At the Pro Kabaddi League auction in August, ahead of Season 9, the Tamil Thalaivas made their first big move in five years of existence. Here was a team that had never broken past the shackles of the bottom two in the group stage. This was a team ready to splurge over half their auction budget on a single player, spending a record Rs 2.26 crore (out of a total purse of Rs 4.4 crore) on an in-form Pawan Sehrawat, hoping to change their fortunes.
Only, the 27-year-old raider picked up a knee injury in the first 10 minutes of their first match of the season – a knock that required surgery and has rendered him unavailable for the rest of the campaign. And then in their first six matches, the team managed one win, one draw, and four losses. Again the danger of another disappointing season loomed large.
Until the team had another significant moment.
In came veteran coach Ashan Kumar to take charge of the team. And in the 10 matches since he joined the squad, the team has climbed up the ladder despite the slow start, and are in the mix a playoff spot for the first time in their history – they currently sit in sixth place with six matches left to play.
But this isn’t the first time Kumar has orchestrated a revival. In fact, the 61-year-old from Bhera village, in the Bhiwani district of Haryana has played a part in the success of both Iran and South Korea – the finalists of the 2018 Asian Games – on the international stage too. Incidentally, both teams beat India on the way to the final in Jakarta.
“My only objective was to spread the sport to other countries and make them good at it,” Ashan Kumar told Scroll.in during an interaction in Pune. “If these other countries were not good in kabaddi, then perhaps it wouldn’t have been such a happy setting in the platform we have today.”
“When we talk about Fazel Atrachali (Iran’s captain and skipper of table toppers Puneri Paltan), or some players from South Korea, this was the objective in the first place – to make the quality of teams abroad to ensure there is competition.”
Success as a player
Kumar’s success though isn’t entirely abroad, and not just as coach. In fact, he was the captain of the Indian team that won the first gold medal of the sport when it was introduced as a medal event on the Asian Games roster in 1990. That was the first step in what would be a 28-year domination in the sport at the Asiad – the biggest prize in the sport.
Yet he recalled how his playing days had a vast difference to the cash-rich professional league of today.
“Kabaddi was the only event at the 1990 Games where India won gold,” said the former services player and coach. That was a very proud moment for us, but looking at what it was back then and what it is now, raat-din ka farak hai [the difference is like night and day].”
“When we landed at Delhi airport, we got off the plane, picked up our bags, went to our respective travel arrangements – some players had family come to pick them up, some took the bus or train to head home. Chup chaap sab apne ghar chale gaye the [everybody left quietly without much fuss].”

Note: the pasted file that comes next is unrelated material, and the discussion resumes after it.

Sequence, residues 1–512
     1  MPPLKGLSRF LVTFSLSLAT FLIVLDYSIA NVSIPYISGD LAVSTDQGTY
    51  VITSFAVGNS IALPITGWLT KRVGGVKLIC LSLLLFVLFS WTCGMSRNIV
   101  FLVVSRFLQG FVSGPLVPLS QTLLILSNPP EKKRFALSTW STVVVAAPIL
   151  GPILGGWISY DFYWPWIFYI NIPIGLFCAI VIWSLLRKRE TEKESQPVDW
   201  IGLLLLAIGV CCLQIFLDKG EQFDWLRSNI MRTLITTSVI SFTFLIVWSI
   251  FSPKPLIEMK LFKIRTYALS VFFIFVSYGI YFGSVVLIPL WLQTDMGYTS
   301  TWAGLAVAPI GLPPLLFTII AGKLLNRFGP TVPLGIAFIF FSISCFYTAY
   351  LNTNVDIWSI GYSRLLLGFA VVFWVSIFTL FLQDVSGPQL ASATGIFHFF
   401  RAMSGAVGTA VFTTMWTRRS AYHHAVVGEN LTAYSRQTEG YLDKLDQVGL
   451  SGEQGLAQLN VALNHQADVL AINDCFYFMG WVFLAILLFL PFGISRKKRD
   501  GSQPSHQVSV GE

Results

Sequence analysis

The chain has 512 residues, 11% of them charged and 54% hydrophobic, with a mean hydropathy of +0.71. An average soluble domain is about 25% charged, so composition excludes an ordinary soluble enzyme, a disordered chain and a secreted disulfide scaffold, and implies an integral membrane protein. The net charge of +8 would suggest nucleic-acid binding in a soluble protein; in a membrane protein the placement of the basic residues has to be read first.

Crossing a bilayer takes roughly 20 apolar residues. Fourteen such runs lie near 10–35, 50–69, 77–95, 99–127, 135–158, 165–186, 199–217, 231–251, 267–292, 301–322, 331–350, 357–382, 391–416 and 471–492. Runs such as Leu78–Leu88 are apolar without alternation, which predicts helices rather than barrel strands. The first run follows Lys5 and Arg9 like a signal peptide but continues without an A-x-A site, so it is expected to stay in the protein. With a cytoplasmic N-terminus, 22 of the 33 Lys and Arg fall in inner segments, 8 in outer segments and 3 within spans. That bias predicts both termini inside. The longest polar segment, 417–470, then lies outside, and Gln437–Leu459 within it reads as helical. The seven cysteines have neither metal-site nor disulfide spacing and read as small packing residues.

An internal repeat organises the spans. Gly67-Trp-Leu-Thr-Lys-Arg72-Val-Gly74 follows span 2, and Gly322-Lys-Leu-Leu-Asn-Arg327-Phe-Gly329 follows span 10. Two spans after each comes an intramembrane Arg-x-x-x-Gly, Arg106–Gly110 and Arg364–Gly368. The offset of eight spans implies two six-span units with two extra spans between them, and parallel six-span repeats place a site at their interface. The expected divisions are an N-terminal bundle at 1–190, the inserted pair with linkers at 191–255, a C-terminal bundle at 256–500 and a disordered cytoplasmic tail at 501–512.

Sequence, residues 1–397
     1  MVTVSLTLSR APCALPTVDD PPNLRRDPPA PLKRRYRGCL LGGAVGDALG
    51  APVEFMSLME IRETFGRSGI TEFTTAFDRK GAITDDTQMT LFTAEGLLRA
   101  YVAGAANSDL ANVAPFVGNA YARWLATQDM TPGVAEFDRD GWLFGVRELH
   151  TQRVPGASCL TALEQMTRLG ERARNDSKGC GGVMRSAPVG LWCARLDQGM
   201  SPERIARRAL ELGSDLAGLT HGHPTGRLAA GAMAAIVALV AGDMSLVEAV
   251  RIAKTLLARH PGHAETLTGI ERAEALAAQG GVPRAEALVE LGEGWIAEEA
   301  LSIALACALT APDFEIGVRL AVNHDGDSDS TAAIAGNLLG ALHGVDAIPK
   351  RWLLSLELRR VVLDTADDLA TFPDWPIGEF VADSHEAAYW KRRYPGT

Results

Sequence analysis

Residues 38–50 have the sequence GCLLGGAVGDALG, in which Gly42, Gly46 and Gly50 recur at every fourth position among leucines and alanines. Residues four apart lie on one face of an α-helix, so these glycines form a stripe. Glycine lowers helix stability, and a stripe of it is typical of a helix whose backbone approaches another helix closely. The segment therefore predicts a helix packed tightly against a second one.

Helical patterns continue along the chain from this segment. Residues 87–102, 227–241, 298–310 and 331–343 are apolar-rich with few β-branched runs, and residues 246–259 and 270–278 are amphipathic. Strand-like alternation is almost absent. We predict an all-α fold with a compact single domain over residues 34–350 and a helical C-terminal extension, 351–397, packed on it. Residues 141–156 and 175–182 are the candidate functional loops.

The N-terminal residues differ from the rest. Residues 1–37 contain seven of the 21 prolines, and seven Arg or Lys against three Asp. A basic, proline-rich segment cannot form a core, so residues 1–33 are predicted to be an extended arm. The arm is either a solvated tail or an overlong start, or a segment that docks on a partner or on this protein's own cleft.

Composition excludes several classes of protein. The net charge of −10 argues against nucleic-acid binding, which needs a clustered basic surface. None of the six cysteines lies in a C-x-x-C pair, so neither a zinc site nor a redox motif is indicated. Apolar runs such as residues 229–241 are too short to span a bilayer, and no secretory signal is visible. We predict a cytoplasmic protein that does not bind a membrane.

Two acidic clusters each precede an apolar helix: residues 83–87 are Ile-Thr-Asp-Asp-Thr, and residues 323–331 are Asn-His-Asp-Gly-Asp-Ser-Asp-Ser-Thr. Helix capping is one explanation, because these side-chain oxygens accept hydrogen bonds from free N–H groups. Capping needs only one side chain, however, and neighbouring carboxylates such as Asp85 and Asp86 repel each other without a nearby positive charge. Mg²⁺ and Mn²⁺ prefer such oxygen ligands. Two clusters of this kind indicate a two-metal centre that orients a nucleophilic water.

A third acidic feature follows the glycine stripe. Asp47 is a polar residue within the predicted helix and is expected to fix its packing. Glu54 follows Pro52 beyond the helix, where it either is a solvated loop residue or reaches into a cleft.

That didn’t matter though to the band of players.
“We were just so excited that it was there, that we were getting a chance to go to the Asian Games. And we were determined to win.”
Missionary of kabaddi
Eight years later, Kumar was the coach of the team that won gold in Bangkok 1998, and in a few years, he’d start to shape up the Asian Games destiny of teams that are now India’s biggest rivals on the international stage.
In 2010, he was coach of the Iran team that competed and won silver at Guangzhou. But before he could form a team, he had to instil a semblance of discipline – especially in Atrachali.
In an earlier interview with The Indian Express, Kumar described how Atrachali was rather “lazy” and had to be “hit with a stick all the time.” Atrachali recently became PKL’s most successful defender. But Kumar asserted that the player still remembers the early lessons he got from the coach.
“When I meet Fazel today, he always says ‘I miss you sir.’ But I’m sure that every time I’m in front of him, the picture of me giving him those beatings comes to his mind. Uska ‘I miss you’ se mujhe yeh samaj aa jaata hai [I understand this from his ‘I miss you’],Kumar added.
Similarly, Kumar had to set up a structure in South Korea as well, as he led the team to silver in Jakarta.
“When I went to South Korea, they didn’t have many players and they only had enough space for half a court,” he said. We’d practice on a judo mat. But they took a lot of interest as well. With that small pool of players, with that half court, we practiced, we worked hard and trained and went to the Asian Games with the goal of winning. We eventually lost the final to Iran, but the players showed me a lot of love and respect.”
Kabaddi is no longer the sport Kumar used to play – moving from the rustic mud field he’d play on to the taped and neat mats. Yet within this new, glittering era of a sport that had remained a hinterland wonder until the PKL emerged, Kumar and his colleagues from the batch of 1990 still make the time to meet regularly for reunions.
“Whenever there is a program, be it a wedding, or even if the mood demands it, we get together and meet,” he said. “We organize a meeting at least once a year somewhere around the Punjab-Haryana side. Just to get back and chat. We recall our old stories and enjoy with song and dance.”
Kabaddi has come a long way since when Kumar played it. Back then, he said, the best player of a tournament would be gifted a bowl, some cutlery, maybe a suitcase.
“Katori se start hua tha, ab crores main hai [It started with cutlery, today we deal with crores],he added.
Yet that captain from the batch of 1990 – where India’s dominance in the sport began – remains a game-changer even today.